By Gianna Marrano
“Over the Moon,” is a new Sony animation film released on Netflix on Oct. 16. The film is directed by Glen Keane and John Kahrs, and provides a very colorful adventure into Chinese culture. The film follows Fei Fei (voiced by Cathy Ang) and her imagination as she works to prove the existence of the moon goddess Chang’e (voiced by Phillipa Soo). She builds a rocket to the moon and discovers Lunaria, a magical bright world filled with talking sweets, and helps Chang’e acquire ‘the gift’ so that she can get her lost lover back.
The film prominently features elements of Chinese culture like mooncakes and the Moon Festival (also known as Mid-Autumn day) and explores themes of family and recovery from loss. The movie also includes a woman in STEM as the main character which is a nice nod because there isn’t much representation in animated films.
The movie grabs the audience fairly quickly with the stunning animation style and variety in artwork and design. I hadn’t been this stunned by the presentation of an animated movie since “Spiderman: Into the Spider-Verse.” The beginning of the movie does a good job of flinging viewers headfirst into the abundance of culture and history beneath these characters and their activities.
A tradition, Fei Fei’s family owns the neighborhood moon pie shop and the film does a good job unapologetically being representative of an underrepresented culture in animation. Don’t even get me started on Luminaria, the kingdom on the moon. All the colors work so well together and immerse the audience in a land of make-believe and children’s fairytale.
Where the movie lacks is where every children’s movie seems to lack. Eventually, the novelty of brilliant animation wears off and the audience is left with a typical, predictable plot. The quest for the gift is timed to create tension, a comedic relief Pangolin named Gobi (Ken Jeong) is introduced to pick up the slack of the second act, but can sometimes come off a tad bit annoying and over the top.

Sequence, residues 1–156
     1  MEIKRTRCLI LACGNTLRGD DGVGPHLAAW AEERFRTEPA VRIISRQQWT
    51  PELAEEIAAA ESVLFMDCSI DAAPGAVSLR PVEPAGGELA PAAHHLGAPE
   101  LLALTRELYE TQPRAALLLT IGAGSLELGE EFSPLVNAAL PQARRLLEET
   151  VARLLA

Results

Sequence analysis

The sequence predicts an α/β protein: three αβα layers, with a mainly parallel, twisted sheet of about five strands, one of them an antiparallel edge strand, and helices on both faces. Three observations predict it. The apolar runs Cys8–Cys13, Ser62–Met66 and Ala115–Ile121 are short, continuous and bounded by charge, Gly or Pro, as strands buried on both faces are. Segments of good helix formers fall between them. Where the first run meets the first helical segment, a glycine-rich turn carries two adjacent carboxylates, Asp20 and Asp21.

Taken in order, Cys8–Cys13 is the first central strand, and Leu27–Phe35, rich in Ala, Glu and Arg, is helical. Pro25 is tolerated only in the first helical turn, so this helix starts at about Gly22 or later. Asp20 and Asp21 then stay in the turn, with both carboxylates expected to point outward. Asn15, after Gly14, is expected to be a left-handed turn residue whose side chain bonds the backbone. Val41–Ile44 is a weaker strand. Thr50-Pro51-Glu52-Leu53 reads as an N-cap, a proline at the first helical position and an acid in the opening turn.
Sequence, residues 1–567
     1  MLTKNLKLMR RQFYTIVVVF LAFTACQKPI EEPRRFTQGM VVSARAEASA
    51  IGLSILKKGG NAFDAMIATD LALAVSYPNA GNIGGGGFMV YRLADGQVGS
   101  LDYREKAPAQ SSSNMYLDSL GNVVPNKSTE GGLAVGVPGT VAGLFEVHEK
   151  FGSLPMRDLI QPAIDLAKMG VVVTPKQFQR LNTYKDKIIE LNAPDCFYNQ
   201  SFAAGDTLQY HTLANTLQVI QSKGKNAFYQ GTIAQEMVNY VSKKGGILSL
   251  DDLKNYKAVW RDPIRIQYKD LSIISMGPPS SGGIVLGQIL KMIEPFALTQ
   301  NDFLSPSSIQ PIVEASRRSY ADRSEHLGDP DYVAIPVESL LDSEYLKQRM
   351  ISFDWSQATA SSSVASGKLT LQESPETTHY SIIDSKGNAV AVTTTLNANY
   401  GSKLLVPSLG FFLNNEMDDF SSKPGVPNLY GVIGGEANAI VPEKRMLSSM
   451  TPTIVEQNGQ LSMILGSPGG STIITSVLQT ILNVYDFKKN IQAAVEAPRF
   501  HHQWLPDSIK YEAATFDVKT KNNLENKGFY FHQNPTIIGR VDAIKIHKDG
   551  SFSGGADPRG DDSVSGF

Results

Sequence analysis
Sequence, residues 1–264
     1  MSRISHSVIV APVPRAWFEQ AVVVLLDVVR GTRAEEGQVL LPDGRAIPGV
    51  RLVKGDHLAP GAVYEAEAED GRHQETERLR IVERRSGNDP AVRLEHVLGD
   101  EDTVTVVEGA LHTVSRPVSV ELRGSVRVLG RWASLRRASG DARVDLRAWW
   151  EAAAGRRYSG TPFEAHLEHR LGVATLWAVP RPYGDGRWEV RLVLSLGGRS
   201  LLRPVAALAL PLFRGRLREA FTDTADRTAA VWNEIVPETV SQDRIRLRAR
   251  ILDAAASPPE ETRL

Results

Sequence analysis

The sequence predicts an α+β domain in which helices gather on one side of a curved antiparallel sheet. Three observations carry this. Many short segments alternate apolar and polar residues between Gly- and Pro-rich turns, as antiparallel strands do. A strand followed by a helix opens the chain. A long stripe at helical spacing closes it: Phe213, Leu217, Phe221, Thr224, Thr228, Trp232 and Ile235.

The plot then picks up again in the third act where the film decently pulled off some parallelism, which I am a sucker for. The film, however, ends up being like a partially baked cake, an amazing, perfectly baked crust with a half-baked middle. All in all, the plot is wholesome and very lovely to watch unfold.
The film is ultimately a musical — “Gravity” and “Baby Driver’s” Stephen Price wrote the score and Christopher Curtis, Marjorie Duffield, and Helen Park wrote original songs. Helen Park is a Korean composer and works wonders on the music to fully immerse viewers in the culture. This soundtrack isn’t as catchy as your average Disney film but I’d blast some songs in my car. Price, as always, provides an amazing score to couple with the soundtrack and all in all, creates an amazing soundscape for the film.
I would definitely recommend this movie for your next wholesome watch on Netflix. In my eyes, it will probably get an Oscar nomination for Best Animated Feature.